You would think the Lord would be eager to help us overcome those shortcomings as soon as possible. The second our hearts are in a place where we don’t want those sins to bother us anymore, He would be thrilled and help us be perfect just like He commanded us to be.
And yet here I am, sorely tempted to kill my son for finding my spray sunscreen during naptime and covering my room in a fine layer of mist.
No matter how hard I try to be the kind of mom who appreciates my son for his curious mind and high energy, I find myself ready to throttle him on a regular basis. No matter how many books and parenting theories I read, no matter how much I try to appreciate this short period of time when he is so small, no matter how much I plead every morning for help overcoming my temper, my little man often ends up with the brunt of my frustration. I literally have a goal to pray every morning to overcome the temptation to yell. I wish I was more than I am. I wish that I could be everything he needs; I wish that I never had to be his trial.
Ah…but that’s not how life works.
I think many of us picture a God who gets super excited whenever we triumph and looks very sad or angry whenever we make a mistake and hurt others or ourselves. I’m sure that many times, He does experience those emotions. However, I also think He is much wiser than that.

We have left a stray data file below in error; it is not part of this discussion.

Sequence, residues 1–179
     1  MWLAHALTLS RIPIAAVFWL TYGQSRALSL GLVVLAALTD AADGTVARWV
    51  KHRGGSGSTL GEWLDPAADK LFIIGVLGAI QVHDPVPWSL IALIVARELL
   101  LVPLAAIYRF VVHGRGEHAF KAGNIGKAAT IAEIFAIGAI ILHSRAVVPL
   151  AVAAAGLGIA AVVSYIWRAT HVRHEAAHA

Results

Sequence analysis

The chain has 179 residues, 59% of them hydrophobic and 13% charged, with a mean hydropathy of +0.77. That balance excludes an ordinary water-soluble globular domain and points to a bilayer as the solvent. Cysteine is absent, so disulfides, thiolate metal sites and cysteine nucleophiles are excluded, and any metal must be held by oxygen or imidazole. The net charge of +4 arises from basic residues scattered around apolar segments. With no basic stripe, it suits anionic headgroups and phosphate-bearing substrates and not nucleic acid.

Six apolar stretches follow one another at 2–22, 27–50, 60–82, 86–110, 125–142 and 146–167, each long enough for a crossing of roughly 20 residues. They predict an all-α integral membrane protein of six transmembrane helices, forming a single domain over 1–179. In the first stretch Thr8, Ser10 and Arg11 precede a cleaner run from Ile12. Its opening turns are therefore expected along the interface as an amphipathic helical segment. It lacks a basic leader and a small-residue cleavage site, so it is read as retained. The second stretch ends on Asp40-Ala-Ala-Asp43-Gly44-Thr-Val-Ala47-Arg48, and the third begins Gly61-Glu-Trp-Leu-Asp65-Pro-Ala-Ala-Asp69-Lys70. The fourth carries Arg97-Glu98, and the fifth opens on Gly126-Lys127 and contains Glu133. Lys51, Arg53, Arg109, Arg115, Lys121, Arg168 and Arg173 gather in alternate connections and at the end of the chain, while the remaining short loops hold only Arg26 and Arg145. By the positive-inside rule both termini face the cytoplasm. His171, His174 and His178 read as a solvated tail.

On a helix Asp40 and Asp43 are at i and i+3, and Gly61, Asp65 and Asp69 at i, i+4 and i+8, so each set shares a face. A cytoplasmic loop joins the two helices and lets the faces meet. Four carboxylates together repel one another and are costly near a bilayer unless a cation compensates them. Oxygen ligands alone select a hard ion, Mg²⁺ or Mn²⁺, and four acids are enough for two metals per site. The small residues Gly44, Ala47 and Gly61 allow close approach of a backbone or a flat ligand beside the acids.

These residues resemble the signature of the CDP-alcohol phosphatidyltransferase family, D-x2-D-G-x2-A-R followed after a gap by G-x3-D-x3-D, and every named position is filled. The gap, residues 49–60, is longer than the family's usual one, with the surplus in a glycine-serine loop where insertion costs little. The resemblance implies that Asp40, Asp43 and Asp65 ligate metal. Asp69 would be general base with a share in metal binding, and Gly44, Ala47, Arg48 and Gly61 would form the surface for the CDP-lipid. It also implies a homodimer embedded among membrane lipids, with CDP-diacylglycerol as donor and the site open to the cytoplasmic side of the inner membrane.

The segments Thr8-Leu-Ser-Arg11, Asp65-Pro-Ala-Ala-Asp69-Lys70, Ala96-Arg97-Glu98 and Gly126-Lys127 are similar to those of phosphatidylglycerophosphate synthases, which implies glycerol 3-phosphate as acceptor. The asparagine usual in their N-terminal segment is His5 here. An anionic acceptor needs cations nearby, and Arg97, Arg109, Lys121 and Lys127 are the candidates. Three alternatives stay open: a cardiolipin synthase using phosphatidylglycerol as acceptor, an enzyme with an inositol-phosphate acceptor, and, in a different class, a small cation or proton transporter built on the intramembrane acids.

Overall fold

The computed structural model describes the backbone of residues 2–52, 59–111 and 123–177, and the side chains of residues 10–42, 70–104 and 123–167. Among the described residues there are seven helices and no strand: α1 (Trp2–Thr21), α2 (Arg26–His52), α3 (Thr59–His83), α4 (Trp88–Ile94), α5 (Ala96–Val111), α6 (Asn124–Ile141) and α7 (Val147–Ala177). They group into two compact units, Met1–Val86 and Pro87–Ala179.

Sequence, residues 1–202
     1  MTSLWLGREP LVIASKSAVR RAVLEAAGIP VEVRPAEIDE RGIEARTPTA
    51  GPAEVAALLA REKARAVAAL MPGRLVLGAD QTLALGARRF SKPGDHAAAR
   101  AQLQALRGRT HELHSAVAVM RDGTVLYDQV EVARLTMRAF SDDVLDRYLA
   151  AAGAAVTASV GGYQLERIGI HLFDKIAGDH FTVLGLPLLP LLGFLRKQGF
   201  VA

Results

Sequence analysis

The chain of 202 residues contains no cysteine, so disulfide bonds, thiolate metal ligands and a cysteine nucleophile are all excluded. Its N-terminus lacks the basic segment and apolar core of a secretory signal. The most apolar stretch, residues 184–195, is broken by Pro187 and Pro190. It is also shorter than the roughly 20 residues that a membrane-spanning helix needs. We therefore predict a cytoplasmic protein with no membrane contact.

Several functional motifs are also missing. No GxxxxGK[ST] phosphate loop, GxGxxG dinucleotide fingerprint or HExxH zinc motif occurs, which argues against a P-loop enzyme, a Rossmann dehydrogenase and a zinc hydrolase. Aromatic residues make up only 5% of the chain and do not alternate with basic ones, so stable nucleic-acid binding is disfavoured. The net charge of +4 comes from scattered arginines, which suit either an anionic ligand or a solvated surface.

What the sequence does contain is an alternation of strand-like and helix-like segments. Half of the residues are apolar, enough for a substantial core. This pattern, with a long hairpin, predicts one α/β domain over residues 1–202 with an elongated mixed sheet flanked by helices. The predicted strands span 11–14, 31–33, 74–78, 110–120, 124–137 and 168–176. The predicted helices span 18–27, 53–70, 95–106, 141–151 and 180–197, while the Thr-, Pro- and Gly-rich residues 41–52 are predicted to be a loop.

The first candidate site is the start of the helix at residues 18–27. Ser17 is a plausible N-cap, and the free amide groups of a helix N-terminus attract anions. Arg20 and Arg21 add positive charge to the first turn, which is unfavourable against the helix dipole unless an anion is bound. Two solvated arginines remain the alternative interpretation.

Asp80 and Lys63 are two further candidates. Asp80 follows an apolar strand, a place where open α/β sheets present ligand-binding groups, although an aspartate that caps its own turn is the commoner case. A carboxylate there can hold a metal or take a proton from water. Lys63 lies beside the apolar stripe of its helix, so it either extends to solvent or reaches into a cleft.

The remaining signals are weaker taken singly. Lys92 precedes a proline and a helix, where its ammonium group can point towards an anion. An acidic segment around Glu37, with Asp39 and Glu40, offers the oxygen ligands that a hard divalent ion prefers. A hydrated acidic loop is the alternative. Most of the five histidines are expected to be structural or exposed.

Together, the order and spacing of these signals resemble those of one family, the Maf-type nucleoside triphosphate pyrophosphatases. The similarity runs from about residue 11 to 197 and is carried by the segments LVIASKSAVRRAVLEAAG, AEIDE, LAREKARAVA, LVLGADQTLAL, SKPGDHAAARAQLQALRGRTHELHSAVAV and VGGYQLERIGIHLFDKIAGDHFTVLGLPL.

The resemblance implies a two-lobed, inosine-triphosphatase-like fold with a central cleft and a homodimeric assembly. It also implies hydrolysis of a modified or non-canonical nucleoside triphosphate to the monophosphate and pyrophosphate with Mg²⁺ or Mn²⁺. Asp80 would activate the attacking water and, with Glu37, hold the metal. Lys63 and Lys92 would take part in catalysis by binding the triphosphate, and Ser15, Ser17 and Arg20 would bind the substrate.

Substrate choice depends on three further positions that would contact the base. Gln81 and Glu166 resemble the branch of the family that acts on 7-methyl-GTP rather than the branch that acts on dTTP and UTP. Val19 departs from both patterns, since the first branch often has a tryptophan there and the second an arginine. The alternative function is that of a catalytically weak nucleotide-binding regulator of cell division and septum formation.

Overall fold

If His entire goal for us was to avoid sin entirely, (first of all, He would have gone with Satan’s plan), He would be willing to answer our pleas to overcome our sins immediately. If that’s really what He was after, He would jump in the second we asked for help. He would take away those weaknesses and give us the strength to never falter in our obedience again.
But alas, His goal is not avoidance of sin; it is our happiness and growth (and eventual perfection).
If I were lifting weights, I could ask the Lord to make me strong enough to bench tremendous amounts of weight. He could answer that prayer and give me the power to lift it, but He would also be robbing me of character development. Perhaps He would even be robbing me of building muscle because He lifted the weight, not me. In the long run, He would be robbing me of happiness. In the beginning, it might feel exhilarating to feel like everything is easy, but things would get boring pretty quickly.